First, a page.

Metro officials still don’t know what caused an eight-foot section of rail to fracture and cause a derailment outside of Farragut North earlier this month, but they said the crack was not visible to the train operator and the rail did not break until the train was traveling over it.

At a meeting of the Metro board’s safety committee Thursday, Chief Safety Officer Patrick Lavin gave a recap of the events leading up to and following the Jan. 15 derailment. Lanvin said transit officials likely won’t know what caused the derailment until independent experts conclude their analysis on the broken segment of rail, which could take weeks.

However, he said officials found rust on the fractured rail — an indication that the crack may have been there before the derailment.

But Lavin said he is confident in the quality of the track inspections that took place leading up to the derailment, and that he personally reviewed the inspection reports from the walking inspections that took place in early January.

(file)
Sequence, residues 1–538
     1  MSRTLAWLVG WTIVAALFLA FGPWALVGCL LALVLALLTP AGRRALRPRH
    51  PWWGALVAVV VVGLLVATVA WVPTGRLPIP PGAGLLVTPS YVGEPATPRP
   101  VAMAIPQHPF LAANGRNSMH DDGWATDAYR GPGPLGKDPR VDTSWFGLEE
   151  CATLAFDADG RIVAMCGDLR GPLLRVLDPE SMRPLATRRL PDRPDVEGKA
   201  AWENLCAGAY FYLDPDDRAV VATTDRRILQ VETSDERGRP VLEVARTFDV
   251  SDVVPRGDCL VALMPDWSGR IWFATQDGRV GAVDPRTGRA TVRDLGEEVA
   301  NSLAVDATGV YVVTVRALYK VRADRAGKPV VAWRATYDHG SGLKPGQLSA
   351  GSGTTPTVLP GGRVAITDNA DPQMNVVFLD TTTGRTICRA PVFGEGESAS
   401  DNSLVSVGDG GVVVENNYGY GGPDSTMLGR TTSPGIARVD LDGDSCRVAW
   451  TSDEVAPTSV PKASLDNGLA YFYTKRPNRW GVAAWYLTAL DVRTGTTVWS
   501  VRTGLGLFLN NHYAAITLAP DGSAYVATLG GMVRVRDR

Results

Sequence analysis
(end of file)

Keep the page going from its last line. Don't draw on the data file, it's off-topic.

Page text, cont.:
Ultrasonic testing on that stretch of the track took place in August 2017. Metro sent the results of those tests to outside experts for reexamination. Those experts concluded that Metro staff properly interpreted the results of the ultrasonic testing and there was no evidence of defects from the data that was collected by the ultrasonic machine.

A derailment of a Metro train outside Farragut North on the morning of Jan. 15. (Alan Devlin)

At Thursday’s board meeting, Lavin also defended the 90 minutes it took for passengers to be evacuated from the derailed train. Metro staff and first responders initially planned to pull a rescue train alongside the derailed one to collect the passengers. But they later abandoned the idea out of concern that restoring power to the fractured rail could pose a fire risk.

Board members said they remain concerned about the radio communication issues in the aftermath of the derailment. According to Metro’s official timeline, it took 20 minutes from the time of derailment until a Metro Transit Police officer was able to inform the Rail Operations Control Center that a derailment had occurred.

Some board members said Metro should expedite radio infrastructure upgrades in the underground sections of the system. But they also praised Metro for the evacuation process, saying that while the slow process was not ideal, it was acceptable in light of the fact that all the passengers were returned to the station safely.